Charles W. Hagen was a research assistant at the University of Chicago's Metallurgical Laboratory ("Met Lab") during the Manhattan Project.
In 1943, Hagen worked for the Office of Scientific Research and Development of Columbia University in Fort Benning, Georgia. In the same year, he became a research assistant at the Met Lab.
At the Met Lab, he worked in the Health Division under his former professor Raymond E. Zirkle. According to The Dragon's Tail: Radiation Safety in the Manhattan Project, 1942-1946, Hagen along with other Indiana University students like Eric L. Simmons were recruited by Zirkle to work at the Met Lab. Hagen and studied the effects of radiation on laboratory animals. He worked at the laboratory until 1946.
Charles William Hagen, Jr. was born on March 21, 1918 in Spartansburg, South Carolina. In 1939, Hagen graduated from Cornell University. He married Mary Margaret Swan on December 23, 1942.
From 1939 to 1945, Hagen worked as a graduate assistant at Indiana University. He received his Ph.D. in Botany from Indiana University (IU) in 1944.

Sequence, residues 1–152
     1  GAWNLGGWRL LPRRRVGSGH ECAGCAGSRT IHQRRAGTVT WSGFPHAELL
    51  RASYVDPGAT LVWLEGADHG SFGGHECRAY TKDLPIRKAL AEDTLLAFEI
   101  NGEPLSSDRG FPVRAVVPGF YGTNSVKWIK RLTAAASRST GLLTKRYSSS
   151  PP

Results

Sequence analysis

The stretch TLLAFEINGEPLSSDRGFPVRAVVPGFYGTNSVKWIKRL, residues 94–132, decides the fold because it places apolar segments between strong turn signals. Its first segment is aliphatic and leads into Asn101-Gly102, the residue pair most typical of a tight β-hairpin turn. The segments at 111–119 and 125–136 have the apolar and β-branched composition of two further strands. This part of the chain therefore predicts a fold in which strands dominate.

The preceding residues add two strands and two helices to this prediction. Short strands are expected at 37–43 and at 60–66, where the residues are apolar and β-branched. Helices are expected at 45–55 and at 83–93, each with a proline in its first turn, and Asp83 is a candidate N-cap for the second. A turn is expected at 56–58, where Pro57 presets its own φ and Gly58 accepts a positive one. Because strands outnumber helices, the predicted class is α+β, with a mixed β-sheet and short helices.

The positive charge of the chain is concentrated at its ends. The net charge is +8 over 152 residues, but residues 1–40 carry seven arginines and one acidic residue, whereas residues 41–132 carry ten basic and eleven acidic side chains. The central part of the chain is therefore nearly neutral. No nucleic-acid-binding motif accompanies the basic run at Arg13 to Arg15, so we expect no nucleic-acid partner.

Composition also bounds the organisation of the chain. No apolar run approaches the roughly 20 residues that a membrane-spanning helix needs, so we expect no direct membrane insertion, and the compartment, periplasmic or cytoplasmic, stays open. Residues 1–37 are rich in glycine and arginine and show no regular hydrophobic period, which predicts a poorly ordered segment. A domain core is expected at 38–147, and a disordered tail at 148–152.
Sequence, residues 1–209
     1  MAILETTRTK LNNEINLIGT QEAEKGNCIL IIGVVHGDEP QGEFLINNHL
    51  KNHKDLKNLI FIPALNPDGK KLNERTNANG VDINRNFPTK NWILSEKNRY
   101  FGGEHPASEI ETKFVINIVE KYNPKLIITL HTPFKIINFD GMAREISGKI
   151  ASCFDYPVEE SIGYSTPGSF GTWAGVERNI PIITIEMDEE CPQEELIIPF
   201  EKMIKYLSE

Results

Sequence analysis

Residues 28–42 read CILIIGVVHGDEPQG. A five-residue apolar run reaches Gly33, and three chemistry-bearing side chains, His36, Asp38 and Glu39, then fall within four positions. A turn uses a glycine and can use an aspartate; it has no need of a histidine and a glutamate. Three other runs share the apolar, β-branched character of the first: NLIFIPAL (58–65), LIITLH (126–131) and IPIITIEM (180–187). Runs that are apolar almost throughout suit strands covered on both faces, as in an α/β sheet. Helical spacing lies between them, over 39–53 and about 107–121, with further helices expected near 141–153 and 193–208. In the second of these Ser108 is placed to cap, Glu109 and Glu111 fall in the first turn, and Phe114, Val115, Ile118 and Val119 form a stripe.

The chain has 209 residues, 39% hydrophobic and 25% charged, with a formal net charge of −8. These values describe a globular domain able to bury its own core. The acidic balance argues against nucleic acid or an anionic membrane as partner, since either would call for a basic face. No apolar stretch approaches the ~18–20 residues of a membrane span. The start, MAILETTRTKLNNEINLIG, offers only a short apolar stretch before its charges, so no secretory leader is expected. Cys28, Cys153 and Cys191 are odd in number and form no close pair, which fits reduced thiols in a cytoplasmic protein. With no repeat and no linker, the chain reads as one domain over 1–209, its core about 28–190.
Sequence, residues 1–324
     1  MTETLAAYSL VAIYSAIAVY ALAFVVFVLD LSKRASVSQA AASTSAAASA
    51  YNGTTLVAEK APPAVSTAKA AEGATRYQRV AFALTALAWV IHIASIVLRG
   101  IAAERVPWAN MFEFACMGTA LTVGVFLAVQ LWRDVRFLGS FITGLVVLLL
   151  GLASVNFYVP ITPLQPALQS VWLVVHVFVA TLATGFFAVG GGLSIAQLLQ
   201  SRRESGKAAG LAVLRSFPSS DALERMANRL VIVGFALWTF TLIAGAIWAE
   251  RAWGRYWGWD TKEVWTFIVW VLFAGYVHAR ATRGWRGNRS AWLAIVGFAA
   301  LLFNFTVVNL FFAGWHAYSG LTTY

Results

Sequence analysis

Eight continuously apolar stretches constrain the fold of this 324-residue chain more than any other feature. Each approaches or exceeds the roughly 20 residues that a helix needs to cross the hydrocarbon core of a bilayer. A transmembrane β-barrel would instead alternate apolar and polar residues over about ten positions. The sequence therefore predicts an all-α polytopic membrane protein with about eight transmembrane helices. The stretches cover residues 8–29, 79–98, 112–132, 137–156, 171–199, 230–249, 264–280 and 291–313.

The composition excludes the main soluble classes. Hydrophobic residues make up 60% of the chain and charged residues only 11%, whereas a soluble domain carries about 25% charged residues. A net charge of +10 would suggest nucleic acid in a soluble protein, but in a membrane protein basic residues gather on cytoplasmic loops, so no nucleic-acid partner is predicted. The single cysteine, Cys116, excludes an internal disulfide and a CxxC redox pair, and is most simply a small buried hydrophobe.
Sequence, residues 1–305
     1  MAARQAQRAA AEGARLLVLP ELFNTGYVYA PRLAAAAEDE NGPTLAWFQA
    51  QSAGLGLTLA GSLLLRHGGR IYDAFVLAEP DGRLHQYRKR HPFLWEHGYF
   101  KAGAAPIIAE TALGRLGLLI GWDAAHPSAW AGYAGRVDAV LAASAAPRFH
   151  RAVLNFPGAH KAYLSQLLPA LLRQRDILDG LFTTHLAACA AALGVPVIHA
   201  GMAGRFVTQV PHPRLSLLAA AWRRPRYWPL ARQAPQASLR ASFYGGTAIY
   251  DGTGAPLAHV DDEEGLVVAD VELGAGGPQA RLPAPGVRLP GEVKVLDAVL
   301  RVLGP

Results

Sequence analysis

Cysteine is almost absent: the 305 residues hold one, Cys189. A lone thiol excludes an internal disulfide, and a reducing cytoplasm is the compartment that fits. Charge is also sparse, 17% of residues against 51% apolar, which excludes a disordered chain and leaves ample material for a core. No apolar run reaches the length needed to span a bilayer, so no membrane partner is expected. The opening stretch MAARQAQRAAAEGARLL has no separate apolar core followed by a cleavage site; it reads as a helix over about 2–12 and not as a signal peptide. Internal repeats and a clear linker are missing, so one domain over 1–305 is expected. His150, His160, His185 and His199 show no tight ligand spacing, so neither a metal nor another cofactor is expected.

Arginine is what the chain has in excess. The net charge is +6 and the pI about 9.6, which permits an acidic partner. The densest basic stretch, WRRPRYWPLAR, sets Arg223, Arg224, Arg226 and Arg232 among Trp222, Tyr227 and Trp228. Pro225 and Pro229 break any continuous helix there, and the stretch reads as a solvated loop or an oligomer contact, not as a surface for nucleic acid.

Hagen served as an instructor in the Botany Department at IU for a year before becoming an Assistant Professor of Botany in July 1947. He was promoted to Associate Professor in 1951.
In 1957, Hagen was awarded Guggenheim and Fulbright grants to research differentiation within plant species in Trinidad. Two years later, Hagen became a full professor at IU in 1959. During the mid-1960s, Hagen was a member of the Aerospace Research Applications Center
He served as the chairman of the IU Division of Biological Sciences from 1964-1965, the associate dean of the College of Arts and Sciences from 1965-1966, and the associate dean for academic affairs and facilities planning from 1966-1972. After retiring from active teaching in 1983, Hagen became a Professor Emeritus at IU.
At the age of seventy-eight, Charles W. Hagen died on November 5, 1996 in Bloomington, Indiana.
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